A beginners guide to Lightroom

Adobe Lightroom is an image management and editing software package that is available as standalone with a perpetual licence or as part of Adobe’s subscription-based Creative Cloud Photography Plan. However, unlike some traditional image editing software packages it doesn’t actually touch your images, it merely records where they are stored along with a set of instructions about the edits that you wish to apply to them. That means that the edits are nondestructive and you can return to your original image at any time.

Another software package, Adobe Camera Raw (ACR), which is also used by Adobe Photoshop, is central to Lightroom although you won’t actually be aware that you’re using it. It follows that the best results are created by shooting raw files.

Getting started

Once you’ve installed Lightroom and have started it for the first time you’ll be asked where you want the Catalogue to be stored. This catalogue holds all the instructions for the edits that you make and you can store it where you like (the default option is usually fine) but avoid putting it on an external hard drive as it can cause issues. Because the catalogue doesn’t actually contain the images, just the location and editing information, it doesn’t take up much space on your computer’s drive. 

Once that’s done you need to import your images into Lightroom so it knows where to find them, Lightroom will prompt you to do this but if you want to do it at any time you just need to click on the Import button in the bottom left of the screen.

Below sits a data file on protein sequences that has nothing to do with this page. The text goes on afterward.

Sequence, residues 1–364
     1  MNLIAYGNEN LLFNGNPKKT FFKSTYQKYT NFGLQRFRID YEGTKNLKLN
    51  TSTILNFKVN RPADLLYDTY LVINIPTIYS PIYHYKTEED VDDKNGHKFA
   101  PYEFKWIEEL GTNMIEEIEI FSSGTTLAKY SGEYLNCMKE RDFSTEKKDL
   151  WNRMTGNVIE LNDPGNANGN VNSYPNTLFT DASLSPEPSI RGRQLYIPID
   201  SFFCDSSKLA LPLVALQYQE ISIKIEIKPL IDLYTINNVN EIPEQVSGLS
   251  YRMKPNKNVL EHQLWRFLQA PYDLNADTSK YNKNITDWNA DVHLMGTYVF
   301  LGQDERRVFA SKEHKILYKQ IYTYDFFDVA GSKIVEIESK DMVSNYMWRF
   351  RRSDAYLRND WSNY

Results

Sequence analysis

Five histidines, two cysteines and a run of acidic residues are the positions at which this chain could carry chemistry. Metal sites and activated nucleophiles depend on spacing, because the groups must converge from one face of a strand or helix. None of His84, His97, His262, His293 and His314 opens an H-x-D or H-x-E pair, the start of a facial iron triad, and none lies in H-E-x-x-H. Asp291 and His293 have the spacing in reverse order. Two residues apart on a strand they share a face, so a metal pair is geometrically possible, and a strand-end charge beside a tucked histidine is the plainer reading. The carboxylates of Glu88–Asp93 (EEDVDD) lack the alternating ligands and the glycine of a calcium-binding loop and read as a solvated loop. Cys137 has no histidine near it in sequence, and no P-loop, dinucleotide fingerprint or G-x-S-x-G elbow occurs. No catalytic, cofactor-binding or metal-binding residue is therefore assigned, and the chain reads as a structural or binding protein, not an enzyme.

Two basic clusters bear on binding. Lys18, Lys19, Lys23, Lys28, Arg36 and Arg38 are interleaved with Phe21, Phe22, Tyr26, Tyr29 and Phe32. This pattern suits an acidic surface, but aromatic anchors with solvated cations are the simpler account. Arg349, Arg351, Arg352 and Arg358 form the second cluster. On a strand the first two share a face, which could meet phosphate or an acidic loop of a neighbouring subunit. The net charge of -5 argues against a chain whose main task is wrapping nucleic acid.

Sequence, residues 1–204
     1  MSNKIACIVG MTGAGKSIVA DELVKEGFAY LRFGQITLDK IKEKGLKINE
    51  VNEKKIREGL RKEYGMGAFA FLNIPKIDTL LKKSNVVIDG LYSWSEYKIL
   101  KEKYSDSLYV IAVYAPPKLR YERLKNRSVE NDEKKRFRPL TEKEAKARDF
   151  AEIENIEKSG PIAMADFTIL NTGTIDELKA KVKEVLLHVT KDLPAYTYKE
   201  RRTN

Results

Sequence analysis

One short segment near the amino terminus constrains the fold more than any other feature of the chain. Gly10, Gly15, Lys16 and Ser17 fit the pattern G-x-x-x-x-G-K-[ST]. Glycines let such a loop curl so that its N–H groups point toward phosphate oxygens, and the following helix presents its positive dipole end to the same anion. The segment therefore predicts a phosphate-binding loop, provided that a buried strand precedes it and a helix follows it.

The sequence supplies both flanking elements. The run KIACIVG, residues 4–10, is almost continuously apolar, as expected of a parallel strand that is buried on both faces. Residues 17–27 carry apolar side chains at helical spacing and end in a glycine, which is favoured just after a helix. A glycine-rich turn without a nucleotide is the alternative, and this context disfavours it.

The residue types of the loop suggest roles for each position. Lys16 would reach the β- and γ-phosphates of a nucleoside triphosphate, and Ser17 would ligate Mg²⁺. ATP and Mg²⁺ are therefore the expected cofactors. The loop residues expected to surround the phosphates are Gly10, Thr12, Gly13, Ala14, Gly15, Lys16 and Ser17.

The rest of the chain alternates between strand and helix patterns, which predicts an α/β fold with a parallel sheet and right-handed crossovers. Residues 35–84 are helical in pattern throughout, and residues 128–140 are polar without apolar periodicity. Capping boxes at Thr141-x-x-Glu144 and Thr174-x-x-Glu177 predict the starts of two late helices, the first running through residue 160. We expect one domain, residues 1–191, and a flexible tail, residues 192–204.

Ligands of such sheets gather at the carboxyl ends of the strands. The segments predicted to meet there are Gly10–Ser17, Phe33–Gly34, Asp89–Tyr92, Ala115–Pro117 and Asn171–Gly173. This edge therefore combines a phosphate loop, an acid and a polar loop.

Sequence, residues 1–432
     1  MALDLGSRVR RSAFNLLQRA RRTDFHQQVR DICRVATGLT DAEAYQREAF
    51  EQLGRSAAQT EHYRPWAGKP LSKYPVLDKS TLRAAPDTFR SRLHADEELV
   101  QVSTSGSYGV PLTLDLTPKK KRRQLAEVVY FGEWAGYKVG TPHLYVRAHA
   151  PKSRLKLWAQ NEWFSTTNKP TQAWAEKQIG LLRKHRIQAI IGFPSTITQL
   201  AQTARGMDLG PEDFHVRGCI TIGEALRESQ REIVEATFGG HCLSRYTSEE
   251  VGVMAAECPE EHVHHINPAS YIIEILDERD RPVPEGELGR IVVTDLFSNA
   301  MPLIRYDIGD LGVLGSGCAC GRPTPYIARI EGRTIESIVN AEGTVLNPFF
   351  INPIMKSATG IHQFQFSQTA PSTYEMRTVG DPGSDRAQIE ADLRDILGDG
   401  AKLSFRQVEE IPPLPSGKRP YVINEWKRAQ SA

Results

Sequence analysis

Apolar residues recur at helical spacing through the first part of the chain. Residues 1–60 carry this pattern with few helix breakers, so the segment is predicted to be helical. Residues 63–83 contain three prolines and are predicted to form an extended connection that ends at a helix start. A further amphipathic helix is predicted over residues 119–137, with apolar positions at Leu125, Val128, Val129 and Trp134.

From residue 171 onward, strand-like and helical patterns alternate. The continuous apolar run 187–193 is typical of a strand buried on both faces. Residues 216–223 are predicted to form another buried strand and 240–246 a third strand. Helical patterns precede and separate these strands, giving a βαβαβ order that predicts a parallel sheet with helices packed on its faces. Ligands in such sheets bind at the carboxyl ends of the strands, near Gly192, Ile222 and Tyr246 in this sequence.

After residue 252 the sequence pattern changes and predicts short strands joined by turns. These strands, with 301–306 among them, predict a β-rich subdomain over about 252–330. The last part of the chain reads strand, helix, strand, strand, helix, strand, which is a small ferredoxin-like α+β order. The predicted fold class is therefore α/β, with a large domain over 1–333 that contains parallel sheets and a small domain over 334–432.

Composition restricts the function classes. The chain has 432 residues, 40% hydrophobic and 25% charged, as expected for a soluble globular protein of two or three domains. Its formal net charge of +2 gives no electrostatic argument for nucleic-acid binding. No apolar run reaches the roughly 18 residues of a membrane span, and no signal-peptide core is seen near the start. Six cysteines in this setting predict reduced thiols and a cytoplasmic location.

When you insert a memory card into your card reader Lightroom can import images directly and transfer them for you to your preferred storage location, you just need to tell it where. If you use the copy option at the top of the screen Lightroom will copy the images to your selected destination folder and leave the original version on your card.

It’s helpful at this stage to add some basic keywords during the import - just click on the arrow next to ‘Apply During Import’ in the column on the right and type in a few keywords that describe your shoot.

Working with your images

Lightroom has seven modules, Library, Develop, Map, Book, Slideshow, Print and Web, with each being accessed by tapping on the option in the menu bar at the top of the screen. Library is where all the image organising and keyboarding goes on, you need to open the Develop module to process your images. Once that’s done you can use Book, Slideshow, Print and Web to output your images as books, slideshows, prints and web galleries. 

If your images are geotagged Map shows where images were taken. Alernatively, you can drag thumbnails onto the map to tag them.

The Develop Module

On the left of the Develop Module screen you’ll see a collection of Presets with options such as Lightroom B&W Filter Presets, just click on the arrow to open the specific presets and select the one you want to preview the effect. You can toggle through trying lots of different presets, or leave your image unchanged. 

Over on the right of the Develop Model is where all the image editing controls are located. If you’ve selected a preset you’ll see that some of the controls have been moved from the default zero position. You can tweak these to suit your taste. 

Lightroom provides some powerful editing controls from the Basic collection of exposure, contrast, colour and white balance adjuster, through Tone Curve, HSL (Hue, Saturation and Luminance), Split Toning, Detail (sharpening and noise controls), Lens Corrections, Transform (perspective and level corrections), and Effects (including vignetting and Dehaze) to Camera Calibration. It’s also possible to crop images, clone-out dust marks, correct red-eye and apply graduated or radial filters - perfect for adjusting landscapes with bright skies or dark foregrounds.

While the initial set-up and image importing can seem bit daunting, the actual adjustment and processing of images is straightforward.

  • By Matthew Ward
  • 5 Sep 2017

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